Oil Rises as Reopening of Chinese City Offsets Slowdown Concerns

Oil advanced at the start of the week as the Chinese city of Chengdu ended a two-week lockdown, boosting the outlook for demand.
West Texas Intermediate rose to trade near $86 a barrel in Asian trading after posting a third weekly loss on Friday. Chengdu is the biggest city to have shut since Shanghai’s bruising two-month lockdown earlier this year. The capital of Sichuan province will resume most aspects of normal life from Monday.
Investors are also preparing for a raft of central-bank decisions from the US to Europe and Asia this week in a global assault on rampant inflation. Concerns over a slowdown have sapped energy demand and put crude on track for its first quarterly decline in more than two years.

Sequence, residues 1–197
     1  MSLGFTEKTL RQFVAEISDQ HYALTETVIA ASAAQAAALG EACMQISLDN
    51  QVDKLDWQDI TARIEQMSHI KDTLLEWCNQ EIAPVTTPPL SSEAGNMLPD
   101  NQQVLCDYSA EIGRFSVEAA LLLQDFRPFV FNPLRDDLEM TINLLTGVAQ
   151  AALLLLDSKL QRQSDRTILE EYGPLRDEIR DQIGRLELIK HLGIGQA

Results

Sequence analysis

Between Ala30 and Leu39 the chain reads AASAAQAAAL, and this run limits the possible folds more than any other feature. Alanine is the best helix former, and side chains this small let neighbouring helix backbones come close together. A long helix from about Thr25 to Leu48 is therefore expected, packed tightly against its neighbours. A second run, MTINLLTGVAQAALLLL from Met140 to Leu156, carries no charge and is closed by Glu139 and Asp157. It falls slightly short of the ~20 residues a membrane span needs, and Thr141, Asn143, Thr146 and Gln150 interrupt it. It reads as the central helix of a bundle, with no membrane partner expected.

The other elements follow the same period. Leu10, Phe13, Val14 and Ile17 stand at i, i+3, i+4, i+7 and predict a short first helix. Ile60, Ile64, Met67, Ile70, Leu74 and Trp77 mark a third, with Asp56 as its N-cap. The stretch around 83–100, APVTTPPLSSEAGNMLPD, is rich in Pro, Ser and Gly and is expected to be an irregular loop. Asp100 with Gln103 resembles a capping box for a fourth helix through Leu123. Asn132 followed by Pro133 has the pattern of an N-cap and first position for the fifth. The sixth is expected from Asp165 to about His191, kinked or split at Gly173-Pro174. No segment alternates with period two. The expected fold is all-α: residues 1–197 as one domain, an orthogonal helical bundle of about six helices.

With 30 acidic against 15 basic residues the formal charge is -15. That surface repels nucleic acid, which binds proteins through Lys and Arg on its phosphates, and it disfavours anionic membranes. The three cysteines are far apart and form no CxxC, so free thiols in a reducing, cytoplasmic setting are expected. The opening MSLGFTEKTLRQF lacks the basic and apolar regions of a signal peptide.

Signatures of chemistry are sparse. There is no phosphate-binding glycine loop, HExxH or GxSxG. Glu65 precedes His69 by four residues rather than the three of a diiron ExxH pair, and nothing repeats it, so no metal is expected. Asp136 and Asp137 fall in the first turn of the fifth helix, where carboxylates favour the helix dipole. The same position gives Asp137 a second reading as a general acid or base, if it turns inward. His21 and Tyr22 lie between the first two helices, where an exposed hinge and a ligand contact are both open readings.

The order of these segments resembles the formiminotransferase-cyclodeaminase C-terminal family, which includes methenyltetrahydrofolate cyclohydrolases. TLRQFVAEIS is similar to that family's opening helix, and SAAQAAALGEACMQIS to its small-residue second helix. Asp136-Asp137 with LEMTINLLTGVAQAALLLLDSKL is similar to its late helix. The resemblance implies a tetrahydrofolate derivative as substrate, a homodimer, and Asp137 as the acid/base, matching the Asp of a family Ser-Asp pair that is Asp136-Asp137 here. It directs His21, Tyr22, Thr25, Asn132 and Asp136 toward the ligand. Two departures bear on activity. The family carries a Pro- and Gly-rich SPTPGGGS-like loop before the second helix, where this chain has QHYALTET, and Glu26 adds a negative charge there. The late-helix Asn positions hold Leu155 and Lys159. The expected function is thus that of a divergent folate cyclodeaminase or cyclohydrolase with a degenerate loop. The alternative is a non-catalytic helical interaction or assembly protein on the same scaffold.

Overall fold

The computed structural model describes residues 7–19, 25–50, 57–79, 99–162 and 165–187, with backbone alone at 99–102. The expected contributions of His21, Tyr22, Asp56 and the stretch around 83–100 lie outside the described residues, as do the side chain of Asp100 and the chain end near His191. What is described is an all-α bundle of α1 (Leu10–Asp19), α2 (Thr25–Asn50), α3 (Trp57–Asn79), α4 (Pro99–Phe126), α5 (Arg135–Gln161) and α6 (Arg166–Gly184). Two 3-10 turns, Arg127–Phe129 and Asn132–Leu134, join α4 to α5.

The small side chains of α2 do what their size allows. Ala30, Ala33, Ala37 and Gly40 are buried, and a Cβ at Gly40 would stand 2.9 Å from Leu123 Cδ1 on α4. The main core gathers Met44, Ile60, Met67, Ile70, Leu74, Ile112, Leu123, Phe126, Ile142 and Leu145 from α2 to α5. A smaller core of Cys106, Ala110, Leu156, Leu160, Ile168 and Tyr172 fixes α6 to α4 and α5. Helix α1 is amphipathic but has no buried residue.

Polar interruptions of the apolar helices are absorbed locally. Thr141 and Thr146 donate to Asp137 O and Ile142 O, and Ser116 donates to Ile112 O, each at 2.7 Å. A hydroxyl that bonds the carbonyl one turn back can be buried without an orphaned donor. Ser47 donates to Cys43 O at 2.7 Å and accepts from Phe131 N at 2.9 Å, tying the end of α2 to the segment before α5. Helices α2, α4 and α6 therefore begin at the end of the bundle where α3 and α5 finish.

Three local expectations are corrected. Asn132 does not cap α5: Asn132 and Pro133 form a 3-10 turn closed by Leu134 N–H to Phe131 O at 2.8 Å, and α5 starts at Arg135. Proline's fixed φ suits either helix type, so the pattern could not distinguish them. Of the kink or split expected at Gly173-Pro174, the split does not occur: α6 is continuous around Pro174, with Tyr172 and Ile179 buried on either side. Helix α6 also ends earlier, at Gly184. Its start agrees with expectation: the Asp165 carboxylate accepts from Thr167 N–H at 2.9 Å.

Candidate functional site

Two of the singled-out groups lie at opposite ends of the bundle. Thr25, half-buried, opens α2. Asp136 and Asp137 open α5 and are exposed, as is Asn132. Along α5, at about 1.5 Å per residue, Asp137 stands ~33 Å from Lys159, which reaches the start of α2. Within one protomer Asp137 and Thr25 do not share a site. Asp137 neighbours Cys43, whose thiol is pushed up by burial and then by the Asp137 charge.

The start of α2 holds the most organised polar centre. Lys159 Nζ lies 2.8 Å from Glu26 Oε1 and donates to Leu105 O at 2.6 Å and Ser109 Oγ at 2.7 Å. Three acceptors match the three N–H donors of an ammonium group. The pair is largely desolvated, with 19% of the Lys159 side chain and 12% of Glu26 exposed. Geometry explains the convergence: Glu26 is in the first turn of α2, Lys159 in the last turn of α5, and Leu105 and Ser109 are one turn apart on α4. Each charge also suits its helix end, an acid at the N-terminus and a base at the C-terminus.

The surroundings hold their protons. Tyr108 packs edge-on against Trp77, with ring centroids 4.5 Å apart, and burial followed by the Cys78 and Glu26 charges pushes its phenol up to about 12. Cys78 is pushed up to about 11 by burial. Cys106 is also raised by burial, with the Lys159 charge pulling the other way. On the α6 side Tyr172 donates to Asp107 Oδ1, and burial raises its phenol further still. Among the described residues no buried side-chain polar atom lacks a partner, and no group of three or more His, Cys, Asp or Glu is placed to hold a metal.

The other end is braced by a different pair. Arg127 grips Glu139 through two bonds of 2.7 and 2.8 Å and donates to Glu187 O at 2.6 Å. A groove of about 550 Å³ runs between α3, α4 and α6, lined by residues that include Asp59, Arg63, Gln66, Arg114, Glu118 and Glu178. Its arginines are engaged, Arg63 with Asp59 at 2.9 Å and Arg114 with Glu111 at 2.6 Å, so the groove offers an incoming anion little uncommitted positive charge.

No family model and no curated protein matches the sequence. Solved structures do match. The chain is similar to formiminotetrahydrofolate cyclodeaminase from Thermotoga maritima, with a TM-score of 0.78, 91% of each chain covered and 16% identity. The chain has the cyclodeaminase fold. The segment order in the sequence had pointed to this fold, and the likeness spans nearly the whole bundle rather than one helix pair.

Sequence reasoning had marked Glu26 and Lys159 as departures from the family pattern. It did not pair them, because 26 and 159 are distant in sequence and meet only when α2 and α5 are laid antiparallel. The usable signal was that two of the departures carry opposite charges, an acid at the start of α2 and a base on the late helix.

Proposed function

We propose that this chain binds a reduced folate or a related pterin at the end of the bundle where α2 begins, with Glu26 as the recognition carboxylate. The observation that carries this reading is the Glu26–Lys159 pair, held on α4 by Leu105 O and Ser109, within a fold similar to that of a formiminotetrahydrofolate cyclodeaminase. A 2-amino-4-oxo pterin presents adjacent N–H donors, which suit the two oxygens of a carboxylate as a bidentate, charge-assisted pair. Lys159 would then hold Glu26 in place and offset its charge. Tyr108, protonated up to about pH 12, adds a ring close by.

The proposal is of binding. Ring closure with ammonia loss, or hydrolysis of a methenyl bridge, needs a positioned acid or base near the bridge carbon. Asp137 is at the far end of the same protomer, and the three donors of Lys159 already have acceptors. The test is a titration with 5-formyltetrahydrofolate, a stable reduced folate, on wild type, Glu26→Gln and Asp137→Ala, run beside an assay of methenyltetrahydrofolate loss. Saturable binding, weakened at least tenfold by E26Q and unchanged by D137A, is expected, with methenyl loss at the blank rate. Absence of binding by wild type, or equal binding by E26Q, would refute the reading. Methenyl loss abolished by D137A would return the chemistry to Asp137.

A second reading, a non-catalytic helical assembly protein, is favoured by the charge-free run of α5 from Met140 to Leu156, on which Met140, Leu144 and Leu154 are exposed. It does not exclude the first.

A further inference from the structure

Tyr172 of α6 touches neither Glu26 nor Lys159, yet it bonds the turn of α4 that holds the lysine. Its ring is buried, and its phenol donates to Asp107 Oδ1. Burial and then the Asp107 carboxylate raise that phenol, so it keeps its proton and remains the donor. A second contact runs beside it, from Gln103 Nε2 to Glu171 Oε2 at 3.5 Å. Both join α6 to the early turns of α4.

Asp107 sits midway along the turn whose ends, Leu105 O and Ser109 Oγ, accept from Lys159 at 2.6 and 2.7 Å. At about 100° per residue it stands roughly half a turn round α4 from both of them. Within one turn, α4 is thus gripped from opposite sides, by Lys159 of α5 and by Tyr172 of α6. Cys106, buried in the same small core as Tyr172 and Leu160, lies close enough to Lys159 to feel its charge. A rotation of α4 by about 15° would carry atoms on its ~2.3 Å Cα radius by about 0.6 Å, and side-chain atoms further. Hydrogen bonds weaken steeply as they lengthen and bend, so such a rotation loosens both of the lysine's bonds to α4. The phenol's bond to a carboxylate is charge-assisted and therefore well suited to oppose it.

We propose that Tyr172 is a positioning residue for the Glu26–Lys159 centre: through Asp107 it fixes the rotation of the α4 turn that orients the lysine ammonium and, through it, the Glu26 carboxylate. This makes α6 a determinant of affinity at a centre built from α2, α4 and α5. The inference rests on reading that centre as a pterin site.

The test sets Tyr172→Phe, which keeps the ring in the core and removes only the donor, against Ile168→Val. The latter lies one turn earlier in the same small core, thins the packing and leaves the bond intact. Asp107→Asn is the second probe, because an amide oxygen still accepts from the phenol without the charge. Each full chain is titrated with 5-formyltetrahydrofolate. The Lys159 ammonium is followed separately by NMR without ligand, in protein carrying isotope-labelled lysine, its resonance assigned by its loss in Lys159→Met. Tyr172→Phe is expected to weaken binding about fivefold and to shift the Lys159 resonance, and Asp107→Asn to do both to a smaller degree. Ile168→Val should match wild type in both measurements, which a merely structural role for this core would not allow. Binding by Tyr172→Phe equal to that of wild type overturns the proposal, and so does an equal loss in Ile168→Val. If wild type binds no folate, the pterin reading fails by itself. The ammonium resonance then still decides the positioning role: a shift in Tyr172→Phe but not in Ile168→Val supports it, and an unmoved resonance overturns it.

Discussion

“The biggest cause of swings in oil prices comes from adjustments to demand expectations,” said Vishnu Varathan, head of economics and strategy at Mizuho Bank Ltd. in Singapore. “An easing of lockdowns in China would definitely come through more forcefully. There is a certain element of pent-up demand, which would explain the initial knee-jerk reaction.”
High energy prices are threatening to pull Europe into a painful recession, with governments in the region taking steps to shore up energy supplies. Germany on Friday seized the local unit of Russian oil major Rosneft PJSC as Berlin moves to take sweeping control of its energy industry and sever decades of deep dependence on Moscow for fuel.
Meanwhile, loading and export operations at Iraq’s Basrah oil terminal returned to normal levels after technical and engineering teams finished dealing with an spill, state-run Basra Oil Co. said over the weekend. The incident on Thursday had forced a halt in exports from the facility.

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